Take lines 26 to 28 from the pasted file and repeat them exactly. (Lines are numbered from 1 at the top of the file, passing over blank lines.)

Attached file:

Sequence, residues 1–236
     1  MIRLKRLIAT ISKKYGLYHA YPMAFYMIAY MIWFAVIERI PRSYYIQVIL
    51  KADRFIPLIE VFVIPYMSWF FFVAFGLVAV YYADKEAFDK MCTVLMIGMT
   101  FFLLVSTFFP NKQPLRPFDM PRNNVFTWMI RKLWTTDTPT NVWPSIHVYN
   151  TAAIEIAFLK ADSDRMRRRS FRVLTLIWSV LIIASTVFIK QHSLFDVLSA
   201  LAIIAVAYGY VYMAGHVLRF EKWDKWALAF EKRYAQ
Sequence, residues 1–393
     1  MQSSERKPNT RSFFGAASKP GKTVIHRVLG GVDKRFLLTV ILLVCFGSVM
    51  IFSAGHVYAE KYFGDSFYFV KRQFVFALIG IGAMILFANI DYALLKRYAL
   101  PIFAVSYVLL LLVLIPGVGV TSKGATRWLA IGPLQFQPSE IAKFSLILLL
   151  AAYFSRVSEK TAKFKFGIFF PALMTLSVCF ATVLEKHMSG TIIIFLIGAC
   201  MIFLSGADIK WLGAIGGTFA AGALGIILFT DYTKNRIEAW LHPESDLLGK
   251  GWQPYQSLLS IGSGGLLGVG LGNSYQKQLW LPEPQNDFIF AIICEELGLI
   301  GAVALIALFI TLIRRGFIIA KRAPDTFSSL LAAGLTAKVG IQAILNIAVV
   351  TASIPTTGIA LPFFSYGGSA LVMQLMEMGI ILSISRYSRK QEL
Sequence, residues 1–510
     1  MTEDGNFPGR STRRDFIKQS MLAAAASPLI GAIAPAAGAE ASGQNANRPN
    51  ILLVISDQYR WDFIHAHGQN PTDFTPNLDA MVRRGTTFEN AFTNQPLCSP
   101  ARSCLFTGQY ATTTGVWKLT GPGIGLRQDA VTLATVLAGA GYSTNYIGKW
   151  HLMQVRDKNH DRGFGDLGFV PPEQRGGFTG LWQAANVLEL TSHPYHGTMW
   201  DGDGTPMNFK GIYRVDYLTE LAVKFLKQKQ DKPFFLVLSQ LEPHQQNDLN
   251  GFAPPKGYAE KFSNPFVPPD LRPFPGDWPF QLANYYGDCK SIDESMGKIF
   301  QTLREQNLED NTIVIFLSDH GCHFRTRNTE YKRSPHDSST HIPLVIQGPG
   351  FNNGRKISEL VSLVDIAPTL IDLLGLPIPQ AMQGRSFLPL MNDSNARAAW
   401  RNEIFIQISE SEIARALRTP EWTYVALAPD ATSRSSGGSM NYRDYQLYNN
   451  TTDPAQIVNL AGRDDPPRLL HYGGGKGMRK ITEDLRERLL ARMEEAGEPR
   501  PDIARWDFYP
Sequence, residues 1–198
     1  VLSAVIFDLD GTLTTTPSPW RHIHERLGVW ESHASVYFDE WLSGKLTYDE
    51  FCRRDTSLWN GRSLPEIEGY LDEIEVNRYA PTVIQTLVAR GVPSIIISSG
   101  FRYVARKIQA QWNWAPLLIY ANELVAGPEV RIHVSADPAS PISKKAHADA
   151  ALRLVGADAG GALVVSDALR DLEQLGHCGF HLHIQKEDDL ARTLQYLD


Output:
   451  TTDPAQIVNL AGRDDPPRLL HYGGGKGMRK ITEDLRERLL ARMEEAGEPR
   501  PDIARWDFYP
Sequence, residues 1–198